My friend Misty's comment on that post struck me with its simplicity. I love how she brings perspective into those places that I'm still seeing with my old self, the "me" before Nicholas & Olivia. I was sharing about how I don't want to be "that person", the one with the tragedy. And very clearly, she reminded me that in order to dance, you need to go through the mourning.

After all, she said, it's not denial before dancing.

So there it is. On the whole, I navigate life pretty well, thanks to the grace of God. I overflow with joy at meeting new babies. I love the abundance and mystery and miracle of a woman carrying new life. I also long for what I had, and while I walk this earth, will always carry sorrow for two precious lives ended before their time. I will not deny that.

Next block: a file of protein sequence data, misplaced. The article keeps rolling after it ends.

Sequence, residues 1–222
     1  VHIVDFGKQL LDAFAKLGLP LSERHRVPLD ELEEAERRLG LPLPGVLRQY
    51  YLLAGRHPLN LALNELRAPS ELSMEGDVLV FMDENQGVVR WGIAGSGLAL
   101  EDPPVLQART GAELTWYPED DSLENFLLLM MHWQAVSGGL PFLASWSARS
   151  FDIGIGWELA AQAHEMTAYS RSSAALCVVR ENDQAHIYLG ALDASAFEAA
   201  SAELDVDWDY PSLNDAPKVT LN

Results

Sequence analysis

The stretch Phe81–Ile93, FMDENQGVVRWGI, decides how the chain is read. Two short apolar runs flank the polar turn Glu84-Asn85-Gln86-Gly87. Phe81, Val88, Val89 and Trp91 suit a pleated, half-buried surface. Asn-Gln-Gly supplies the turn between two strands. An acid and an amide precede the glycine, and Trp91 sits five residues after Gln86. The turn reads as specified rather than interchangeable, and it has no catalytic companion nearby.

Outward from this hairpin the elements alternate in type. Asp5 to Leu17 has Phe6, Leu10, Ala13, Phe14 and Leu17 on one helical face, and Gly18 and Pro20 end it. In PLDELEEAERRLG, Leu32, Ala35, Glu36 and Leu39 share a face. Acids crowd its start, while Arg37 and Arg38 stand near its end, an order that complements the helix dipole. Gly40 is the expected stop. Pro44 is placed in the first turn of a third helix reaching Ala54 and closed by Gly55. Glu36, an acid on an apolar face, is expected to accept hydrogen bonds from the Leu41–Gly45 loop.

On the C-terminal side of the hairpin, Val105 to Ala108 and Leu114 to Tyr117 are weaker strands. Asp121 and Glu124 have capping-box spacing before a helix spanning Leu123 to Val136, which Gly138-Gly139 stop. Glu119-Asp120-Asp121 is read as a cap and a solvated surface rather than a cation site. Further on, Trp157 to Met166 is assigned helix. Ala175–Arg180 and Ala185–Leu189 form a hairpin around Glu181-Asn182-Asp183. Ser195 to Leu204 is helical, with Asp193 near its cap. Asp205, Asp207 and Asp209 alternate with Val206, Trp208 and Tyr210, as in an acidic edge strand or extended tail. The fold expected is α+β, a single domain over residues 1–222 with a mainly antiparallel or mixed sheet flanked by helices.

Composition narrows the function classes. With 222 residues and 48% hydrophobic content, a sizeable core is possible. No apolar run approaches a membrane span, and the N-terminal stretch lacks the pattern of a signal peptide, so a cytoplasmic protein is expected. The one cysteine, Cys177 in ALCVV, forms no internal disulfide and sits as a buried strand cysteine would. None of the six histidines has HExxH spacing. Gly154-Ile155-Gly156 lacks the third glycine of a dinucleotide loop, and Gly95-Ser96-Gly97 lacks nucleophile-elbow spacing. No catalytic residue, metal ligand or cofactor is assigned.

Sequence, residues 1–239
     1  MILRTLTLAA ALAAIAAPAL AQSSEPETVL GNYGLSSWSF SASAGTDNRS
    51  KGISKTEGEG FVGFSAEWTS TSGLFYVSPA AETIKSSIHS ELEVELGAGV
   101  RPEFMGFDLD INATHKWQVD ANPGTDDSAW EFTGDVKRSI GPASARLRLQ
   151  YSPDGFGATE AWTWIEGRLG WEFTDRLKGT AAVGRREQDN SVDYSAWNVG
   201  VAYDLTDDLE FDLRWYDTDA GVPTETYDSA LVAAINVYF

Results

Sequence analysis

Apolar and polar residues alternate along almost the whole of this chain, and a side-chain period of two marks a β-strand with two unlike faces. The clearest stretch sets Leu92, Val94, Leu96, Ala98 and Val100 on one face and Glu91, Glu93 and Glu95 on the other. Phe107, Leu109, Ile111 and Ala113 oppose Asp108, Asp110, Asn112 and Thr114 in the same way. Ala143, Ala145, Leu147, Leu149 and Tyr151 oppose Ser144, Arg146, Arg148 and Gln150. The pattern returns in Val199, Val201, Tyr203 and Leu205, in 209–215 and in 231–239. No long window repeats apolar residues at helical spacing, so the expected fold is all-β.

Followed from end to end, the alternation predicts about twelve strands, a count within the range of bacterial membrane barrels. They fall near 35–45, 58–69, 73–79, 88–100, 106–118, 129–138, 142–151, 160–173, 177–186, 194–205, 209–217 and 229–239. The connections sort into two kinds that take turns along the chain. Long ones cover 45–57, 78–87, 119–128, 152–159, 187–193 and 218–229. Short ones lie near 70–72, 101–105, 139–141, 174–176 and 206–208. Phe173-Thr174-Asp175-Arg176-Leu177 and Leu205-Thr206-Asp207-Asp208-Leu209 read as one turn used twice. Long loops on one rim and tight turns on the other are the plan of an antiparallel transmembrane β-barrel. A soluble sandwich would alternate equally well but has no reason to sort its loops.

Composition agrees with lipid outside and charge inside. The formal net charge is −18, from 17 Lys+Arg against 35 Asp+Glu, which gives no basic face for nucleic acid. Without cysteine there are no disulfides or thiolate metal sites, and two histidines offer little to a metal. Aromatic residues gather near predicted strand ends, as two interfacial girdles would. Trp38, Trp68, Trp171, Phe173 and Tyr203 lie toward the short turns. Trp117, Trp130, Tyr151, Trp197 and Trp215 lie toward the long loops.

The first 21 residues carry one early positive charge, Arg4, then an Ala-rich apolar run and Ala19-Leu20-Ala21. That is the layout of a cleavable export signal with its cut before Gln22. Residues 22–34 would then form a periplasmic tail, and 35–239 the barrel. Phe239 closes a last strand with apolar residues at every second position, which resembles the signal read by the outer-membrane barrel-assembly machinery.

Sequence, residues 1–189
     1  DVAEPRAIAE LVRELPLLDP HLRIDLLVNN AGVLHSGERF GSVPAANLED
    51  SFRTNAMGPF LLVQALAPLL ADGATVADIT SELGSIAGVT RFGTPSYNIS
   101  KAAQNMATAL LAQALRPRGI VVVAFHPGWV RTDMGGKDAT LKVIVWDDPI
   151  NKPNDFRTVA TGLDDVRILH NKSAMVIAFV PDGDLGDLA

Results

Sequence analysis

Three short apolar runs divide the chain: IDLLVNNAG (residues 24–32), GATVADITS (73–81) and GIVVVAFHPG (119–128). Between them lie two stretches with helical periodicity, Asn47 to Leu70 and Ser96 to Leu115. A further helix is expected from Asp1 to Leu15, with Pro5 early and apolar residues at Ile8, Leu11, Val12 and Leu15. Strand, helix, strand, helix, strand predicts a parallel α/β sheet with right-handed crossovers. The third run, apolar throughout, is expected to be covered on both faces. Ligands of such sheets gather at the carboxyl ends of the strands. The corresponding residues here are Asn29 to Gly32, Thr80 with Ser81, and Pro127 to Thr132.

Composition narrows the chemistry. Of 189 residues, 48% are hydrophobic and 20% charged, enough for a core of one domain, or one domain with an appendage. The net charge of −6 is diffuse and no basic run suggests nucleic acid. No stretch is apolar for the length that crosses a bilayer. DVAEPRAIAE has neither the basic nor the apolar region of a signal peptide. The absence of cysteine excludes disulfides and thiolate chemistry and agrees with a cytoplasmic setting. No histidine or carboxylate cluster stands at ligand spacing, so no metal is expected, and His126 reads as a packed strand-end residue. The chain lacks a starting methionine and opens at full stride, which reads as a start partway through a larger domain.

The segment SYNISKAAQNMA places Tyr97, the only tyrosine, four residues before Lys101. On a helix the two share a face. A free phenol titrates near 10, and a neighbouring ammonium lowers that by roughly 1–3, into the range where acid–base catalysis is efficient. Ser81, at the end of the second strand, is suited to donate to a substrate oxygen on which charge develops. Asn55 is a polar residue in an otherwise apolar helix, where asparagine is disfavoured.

But I will yield it back to my Father, and ask Him to make something beautiful out of it. That's where the dancing is.

Monday, September 29, 2008

Step by Step

Sometimes it feels like I'm walking a minefield. I'm in the age group that is having children and adding to their families. I'm surrounded by birth announcements, pregnancies, new babies, couples at church with children in tow. I cannot avoid the constant reminders of what I've lost.

I take a step forward and celebrate with dear friends. Next step. I relinquish the jealousy that rises up. Another step. I keep my sorrow to myself at the announcement of more baby news. I don't always want to be the reminder to those carrying new life of the worst that can happen. Step by step, my Lord walks with me, taking the hit of those landmines exploding all around.

And He enables me to find joy in the presence of new life, the hope that comes with increase, and peace in the promise of good things to come.